KurdWatch, December 29, 2012—Faysal Yusuf, Chairman of the Kurdish National Council:
»Sometimes things are demanded of the Council that only a government could accomplish«
KURDWATCH, December 28, 2012—Faysal Yusuf (b. 1954 in al‑Qamishli) has been chairman of the Kurdish National Council since August 14, 2012. In the early 1970s, he became a member of the Kurdish Democratic Advancement Party in Syria, later he was in the party's politburo. In February 2010, he left the Advancement Party and with a group of supporters founded the Kurdish Democratic Advancement Party in Syria—Reform Movement, of which he is the chairman. Yusuf spoke with KurdWatch about the Kurdish National Council joining the National Coalition, as well as about its relationship to the People's Council of West Kurdistan.
KurdWatch: Since the founding of the National Coalition on November 11, 2012, there has been discussions about whether or not the Kurdish National Council should join. How do things look?
Faysal Yusuf: In the Kurdish National Council, we've decided that, in accordance with the Erbil Agreement, we will structure our outside contacts together with our partners in the People's Council of West Kurdistan. The members of the People's Council have said: »You've opted to accept, we authorize you to also represent us in the Coalition«. We are prepared to join.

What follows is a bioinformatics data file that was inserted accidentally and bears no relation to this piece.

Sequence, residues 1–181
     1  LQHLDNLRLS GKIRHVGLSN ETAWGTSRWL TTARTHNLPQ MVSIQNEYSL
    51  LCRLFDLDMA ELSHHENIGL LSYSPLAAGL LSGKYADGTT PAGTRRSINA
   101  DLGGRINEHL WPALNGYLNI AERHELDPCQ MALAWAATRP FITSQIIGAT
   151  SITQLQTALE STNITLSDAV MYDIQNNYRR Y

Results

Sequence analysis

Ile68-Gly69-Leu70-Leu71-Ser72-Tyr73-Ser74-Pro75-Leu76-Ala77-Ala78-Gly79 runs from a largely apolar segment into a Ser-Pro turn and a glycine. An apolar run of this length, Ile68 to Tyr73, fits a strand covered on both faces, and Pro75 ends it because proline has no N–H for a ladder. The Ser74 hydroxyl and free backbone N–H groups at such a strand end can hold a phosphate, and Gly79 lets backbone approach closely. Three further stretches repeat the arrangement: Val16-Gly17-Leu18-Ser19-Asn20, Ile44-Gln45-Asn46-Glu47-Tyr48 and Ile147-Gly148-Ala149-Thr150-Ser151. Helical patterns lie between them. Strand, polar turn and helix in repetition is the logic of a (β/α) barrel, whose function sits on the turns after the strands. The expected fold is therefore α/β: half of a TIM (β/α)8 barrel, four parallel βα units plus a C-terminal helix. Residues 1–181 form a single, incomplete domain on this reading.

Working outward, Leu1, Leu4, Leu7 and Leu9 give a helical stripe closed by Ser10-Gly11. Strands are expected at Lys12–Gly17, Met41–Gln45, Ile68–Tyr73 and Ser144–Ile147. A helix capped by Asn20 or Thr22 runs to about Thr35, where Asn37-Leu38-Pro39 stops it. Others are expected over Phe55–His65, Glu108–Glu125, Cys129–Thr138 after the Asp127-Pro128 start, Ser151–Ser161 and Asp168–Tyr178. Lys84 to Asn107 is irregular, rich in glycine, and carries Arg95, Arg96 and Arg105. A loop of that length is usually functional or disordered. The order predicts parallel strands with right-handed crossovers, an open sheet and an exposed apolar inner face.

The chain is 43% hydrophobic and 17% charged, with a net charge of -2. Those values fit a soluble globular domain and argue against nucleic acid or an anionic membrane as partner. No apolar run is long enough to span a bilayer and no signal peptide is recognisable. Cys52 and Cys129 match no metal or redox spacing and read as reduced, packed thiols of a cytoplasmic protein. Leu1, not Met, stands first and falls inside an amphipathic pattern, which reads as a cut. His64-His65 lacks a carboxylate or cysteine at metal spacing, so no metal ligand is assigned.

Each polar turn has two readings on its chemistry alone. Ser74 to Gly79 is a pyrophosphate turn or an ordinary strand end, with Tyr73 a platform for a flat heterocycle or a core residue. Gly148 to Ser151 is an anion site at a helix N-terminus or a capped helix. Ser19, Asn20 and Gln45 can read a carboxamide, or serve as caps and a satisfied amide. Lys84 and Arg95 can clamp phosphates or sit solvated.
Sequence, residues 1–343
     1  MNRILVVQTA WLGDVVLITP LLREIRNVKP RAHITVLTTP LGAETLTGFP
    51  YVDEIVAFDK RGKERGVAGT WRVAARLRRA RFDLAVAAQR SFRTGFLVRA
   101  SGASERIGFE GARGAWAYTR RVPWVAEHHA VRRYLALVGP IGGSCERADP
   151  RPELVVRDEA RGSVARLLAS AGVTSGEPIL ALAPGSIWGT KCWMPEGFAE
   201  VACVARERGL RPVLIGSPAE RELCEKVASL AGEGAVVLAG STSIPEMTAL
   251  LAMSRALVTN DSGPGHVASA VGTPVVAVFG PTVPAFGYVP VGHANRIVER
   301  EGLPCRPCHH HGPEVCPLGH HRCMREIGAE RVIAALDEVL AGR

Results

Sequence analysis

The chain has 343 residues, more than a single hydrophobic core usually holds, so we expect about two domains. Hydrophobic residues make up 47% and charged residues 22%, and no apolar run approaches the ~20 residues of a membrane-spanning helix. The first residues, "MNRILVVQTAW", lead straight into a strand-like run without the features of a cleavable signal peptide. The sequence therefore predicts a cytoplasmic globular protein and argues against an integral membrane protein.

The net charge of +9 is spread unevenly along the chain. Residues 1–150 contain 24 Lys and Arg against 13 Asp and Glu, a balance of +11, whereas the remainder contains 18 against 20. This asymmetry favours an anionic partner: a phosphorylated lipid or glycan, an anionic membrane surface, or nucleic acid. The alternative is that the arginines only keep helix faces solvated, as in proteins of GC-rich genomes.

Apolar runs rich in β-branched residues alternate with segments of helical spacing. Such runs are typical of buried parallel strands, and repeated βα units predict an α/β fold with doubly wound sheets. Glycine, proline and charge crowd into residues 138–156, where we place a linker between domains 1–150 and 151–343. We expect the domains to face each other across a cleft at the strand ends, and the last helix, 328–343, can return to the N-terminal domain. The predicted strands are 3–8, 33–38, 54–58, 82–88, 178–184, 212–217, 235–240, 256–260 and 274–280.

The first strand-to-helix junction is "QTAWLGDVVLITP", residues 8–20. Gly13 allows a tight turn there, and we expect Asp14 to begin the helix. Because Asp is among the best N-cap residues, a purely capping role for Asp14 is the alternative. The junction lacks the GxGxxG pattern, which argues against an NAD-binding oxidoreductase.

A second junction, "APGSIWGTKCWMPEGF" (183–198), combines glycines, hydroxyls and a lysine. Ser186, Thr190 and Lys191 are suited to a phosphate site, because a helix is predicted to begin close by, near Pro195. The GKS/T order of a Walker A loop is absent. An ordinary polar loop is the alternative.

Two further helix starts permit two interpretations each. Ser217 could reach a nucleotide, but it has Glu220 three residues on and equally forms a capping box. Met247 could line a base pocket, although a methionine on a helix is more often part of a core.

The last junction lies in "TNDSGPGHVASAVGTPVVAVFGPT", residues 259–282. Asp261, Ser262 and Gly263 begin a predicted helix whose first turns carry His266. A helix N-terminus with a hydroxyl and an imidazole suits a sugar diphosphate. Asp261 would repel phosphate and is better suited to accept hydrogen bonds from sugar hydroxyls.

KurdWatch: So you want to join in the name of the Supreme Kurdish Committee and not as the Kurdish National Council?
Faysal Yusuf: Yes, that is our decision. If the Coalition truly wants to be broader, then it should accept our demand.
KurdWatch: What exactly are the Kurdish National Council's substantive conditions for joining the National Coalition?
Faysal Yusuf: Our requirements are the constitutional recognition of the Kurdish people and its identity as well as the guarantee of its legitimate national rights in accordance with international norms and conventions. In addition, in accordance with its share of the total population of Syria, the Kurds should have approximately a fifteen percent share of representation in the Coalition and its committees. All discriminatory practices and decrees affecting the Kurds must be repealed, the victims must be compensated, and the status quo ante must be reinstated. Moreover, Syria should officially be called the »Republic of Syria«, not the »Syrian Arab Republic«. Furthermore, we demand that the Coalition commit itself to supporting all national armed groups, not only the Free Syrian Army. Those are our demands of the National Coalition.
KurdWatch: The National Coalition's answer was initially negative; all of your demands were rejected, and only the position of a deputy chairman was approved. Your decision to join the National Coalition occurred after its chairman, Ahmad al‑Khatib, wrote you an additional letter. Is that correct?
Faysal Yusuf: Yes, we received a second letter from Ahmad Muʿadh al‑Khatib on December 10. He assured us that the Coalition supports the Kurdish people within the framework of the unity of the nation and the people.
KurdWatch: Have you formally answered the Coalition yet?
Faysal Yusuf: No, not yet, but we want to meet with its representatives and discuss our demands with them.
KurdWatch: There are many problems between the Kurdish National Council and the People's Council of West Kurdistan. Has the People's Council at any point accommodated you such that you are now, in turn, trying to integrate it into the National Coalition?
Faysal Yusuf: The most important thing is the interests of the Kurdish people. We protect the interests of our people; there must be agreement.